Aff. of Donald Law, ¶ 5 (Dkt. 18-1.) Plaintiff further testifies in his affidavit that, when Julie's husband Richard saw Plaintiff slap Julie, Richard "came charging out onto the deck and was visibly angry and screaming." Id., at ¶ 7. Plaintiff states that he was afraid of his daughter's husband, who allegedly has a violent criminal history. Id., at ¶¶ 6-7. Plaintiff admits that in response to his son-in-law's aggression, Plaintiff "pulled out [his] 9 mm TZ75 pistol and pointed it at Richard Pellini." Id., at ¶ 7.

The Defendant Officers arrived at Plaintiff's residence and located Richard outside the home. Aff. of Hope Tucker, ¶ 7 (Dkt. 16-5.) Richard informed the Officers that his wife, Julie, and her father Donald Law had gotten into a verbal altercation and that Mr. Law had punched Julie in the face several times. Id., at ¶ 8. Plaintiff denies punching his daughter, but admits to slapping her in the face with an open hand. Richard also informed the Officers that Plaintiff had pointed a gun at both him and Julie. Id., at ¶ 9. Richard told the Officers that Plaintiff was seated out back on the porch and had a small pistol hidden underneath his blanket or chair. Id. Sergeant Leonard remained outside with Richard, while Officers Brantl, Payton and Tucker entered the home. Id., at ¶ 11.

The three officers located Plaintiff, who was sitting in a chair on the back porch. Officers Brantl and Payton remained outside with Plaintiff while Officer Tucker went inside to talk with Julie. Officer Tucker located Julie, who informed her that Plaintiff had punched her in the face and pointed a gun at her husband Richard. Id., at ¶¶ 14-18. Officer Tucker observed Julie's face to be red around the jaw area. Id., at ¶ 16. According to Officer Tucker, Julie told her that she was unsure whether her father remained in possession of the gun. Id., at ¶ 19. Officer Tucker contacted Officers Brantl and Payton via radio and notified them that Plaintiff may still be in possession of a gun and that it may be located near or underneath Plaintiff's blanket. Id., at ¶ 20.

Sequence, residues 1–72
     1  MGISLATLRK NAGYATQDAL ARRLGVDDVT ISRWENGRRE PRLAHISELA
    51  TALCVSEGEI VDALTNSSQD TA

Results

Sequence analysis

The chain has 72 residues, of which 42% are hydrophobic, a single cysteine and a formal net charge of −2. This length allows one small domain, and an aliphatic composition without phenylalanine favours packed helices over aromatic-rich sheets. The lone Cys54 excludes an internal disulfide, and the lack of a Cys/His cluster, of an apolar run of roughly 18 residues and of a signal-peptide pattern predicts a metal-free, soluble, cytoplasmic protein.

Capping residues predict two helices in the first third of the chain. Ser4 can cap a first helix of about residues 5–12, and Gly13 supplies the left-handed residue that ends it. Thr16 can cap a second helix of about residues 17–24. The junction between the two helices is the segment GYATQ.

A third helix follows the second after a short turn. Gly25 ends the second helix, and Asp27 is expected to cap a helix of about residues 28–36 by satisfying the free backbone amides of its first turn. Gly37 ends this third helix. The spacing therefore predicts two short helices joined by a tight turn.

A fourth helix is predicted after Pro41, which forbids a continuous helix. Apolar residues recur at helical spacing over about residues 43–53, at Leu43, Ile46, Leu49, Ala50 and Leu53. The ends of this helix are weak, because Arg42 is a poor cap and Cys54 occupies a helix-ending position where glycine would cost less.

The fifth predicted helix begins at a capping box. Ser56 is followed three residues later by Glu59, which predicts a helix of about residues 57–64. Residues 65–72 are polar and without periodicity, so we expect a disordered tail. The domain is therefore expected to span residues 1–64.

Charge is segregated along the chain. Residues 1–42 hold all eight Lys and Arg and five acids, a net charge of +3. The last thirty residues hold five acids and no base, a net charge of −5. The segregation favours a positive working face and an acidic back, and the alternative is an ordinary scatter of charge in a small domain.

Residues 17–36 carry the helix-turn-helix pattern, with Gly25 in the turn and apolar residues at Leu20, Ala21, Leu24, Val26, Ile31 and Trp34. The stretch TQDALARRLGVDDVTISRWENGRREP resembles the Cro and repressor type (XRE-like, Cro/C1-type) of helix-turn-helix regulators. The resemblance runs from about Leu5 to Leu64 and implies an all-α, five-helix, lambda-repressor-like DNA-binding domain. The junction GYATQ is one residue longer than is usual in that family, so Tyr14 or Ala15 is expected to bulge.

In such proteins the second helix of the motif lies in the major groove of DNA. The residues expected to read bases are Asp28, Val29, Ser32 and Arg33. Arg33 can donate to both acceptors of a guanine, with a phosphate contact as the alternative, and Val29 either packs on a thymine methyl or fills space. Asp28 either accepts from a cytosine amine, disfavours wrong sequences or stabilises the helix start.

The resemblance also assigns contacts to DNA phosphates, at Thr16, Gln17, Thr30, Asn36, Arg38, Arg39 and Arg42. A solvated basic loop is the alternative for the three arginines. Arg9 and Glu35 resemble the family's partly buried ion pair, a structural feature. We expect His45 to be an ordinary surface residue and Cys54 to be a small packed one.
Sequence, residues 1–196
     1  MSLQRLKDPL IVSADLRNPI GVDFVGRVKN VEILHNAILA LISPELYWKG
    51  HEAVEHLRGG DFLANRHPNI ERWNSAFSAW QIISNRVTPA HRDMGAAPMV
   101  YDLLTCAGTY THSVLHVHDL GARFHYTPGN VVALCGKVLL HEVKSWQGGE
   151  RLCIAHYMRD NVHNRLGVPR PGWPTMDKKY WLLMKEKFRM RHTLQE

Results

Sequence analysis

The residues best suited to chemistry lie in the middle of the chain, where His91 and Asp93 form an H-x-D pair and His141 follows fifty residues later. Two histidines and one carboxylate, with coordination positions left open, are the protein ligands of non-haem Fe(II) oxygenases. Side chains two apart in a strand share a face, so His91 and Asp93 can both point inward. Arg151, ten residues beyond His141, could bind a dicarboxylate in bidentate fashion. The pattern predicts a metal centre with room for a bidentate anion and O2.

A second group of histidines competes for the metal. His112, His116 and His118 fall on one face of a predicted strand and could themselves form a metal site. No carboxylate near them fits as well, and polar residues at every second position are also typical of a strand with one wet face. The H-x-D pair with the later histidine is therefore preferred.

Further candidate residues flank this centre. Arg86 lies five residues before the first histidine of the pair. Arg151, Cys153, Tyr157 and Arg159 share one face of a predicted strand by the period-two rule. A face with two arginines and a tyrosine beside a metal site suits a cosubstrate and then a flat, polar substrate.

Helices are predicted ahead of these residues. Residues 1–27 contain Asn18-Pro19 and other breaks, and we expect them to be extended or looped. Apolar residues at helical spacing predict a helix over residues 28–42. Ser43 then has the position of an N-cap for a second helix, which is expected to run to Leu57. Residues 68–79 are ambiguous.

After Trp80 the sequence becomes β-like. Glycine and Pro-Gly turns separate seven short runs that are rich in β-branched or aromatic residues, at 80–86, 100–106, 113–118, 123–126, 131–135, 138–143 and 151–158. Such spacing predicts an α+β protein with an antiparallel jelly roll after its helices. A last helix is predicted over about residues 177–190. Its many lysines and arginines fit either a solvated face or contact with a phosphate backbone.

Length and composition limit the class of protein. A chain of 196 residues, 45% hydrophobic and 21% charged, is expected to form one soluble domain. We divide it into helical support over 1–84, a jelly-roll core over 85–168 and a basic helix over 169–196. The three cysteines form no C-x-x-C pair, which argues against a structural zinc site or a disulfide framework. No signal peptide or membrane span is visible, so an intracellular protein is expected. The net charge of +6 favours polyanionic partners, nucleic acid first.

Officer Brantl asked Plaintiff if he was still in possession of the gun, to which Plaintiff told the officers that he had taken the gun and put it in his bedroom. Aff. of Mark Brantl, ¶ 15 (Dkt. 16-10.) Officer Tucker returned to the porch area and informed Plaintiff that he was under arrest for aggravated assault and battery. Aff. of Hope Tucker, ¶ 24. As Officer Tucker approached the porch, she ordered Plaintiff to stand and place his hands behind his back. Id., at ¶ 25. Plaintiff did not respond, claiming later that, because of his disability, he was unable to hear the Officer's order. Compl., at 2-3.

Plaintiff's wife came onto the porch and told Plaintiff that the officers wanted him to stand up. Aff. of Betty Law, ¶ 7 (Dkt. 18-2.) Mrs. Law states in her affidavit that "[i]t was clear to me that he could not hear the female police officer." Id. During the arrest, Officers Brantl and Payton each grabbed hold of Plaintiff's arms and advised him to place his hands behind his back. Aff. of Josh Payton, ¶ 18 (Dkt. 16-8.)